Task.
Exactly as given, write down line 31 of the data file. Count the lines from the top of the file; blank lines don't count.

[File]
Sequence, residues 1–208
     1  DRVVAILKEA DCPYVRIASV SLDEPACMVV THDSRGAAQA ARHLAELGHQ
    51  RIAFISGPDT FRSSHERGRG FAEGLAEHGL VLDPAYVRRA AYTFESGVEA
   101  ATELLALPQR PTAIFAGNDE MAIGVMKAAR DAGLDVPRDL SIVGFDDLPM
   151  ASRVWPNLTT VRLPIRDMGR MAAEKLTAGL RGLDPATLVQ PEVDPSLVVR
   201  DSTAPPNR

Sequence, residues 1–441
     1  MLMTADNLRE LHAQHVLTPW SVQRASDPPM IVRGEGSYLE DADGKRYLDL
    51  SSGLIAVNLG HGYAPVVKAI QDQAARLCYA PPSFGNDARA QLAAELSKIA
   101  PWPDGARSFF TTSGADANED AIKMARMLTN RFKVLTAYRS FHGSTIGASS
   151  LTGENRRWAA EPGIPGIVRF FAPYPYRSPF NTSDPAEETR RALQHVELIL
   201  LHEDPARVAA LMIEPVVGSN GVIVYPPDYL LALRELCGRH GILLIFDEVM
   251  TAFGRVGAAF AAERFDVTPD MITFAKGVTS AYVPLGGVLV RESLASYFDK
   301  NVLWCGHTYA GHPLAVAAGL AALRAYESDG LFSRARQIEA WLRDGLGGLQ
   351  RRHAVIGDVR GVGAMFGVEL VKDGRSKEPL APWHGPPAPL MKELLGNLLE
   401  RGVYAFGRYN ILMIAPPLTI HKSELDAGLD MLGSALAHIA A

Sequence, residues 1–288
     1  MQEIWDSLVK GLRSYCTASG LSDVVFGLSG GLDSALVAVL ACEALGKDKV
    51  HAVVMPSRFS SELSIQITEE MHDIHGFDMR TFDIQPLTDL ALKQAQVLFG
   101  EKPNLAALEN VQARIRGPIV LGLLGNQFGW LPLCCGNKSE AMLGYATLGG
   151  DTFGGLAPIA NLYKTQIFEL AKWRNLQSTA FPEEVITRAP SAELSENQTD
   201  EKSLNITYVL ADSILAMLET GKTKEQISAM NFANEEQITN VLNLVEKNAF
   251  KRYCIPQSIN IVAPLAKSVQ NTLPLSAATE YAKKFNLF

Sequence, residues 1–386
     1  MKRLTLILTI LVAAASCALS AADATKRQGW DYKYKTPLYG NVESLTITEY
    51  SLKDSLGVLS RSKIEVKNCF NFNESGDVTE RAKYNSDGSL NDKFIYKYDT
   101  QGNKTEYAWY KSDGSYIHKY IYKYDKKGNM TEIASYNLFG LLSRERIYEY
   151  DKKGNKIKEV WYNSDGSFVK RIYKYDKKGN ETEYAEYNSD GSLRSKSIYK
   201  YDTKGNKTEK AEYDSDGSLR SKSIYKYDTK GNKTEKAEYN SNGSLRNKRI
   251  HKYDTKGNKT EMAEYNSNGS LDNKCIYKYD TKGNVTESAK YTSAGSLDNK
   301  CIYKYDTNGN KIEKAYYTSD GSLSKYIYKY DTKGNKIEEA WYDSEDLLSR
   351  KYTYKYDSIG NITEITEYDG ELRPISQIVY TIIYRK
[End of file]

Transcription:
   301  CIYKYDTNGN KIEKAYYTSD GSLSKYIYKY DTKGNKIEEA WYDSEDLLSR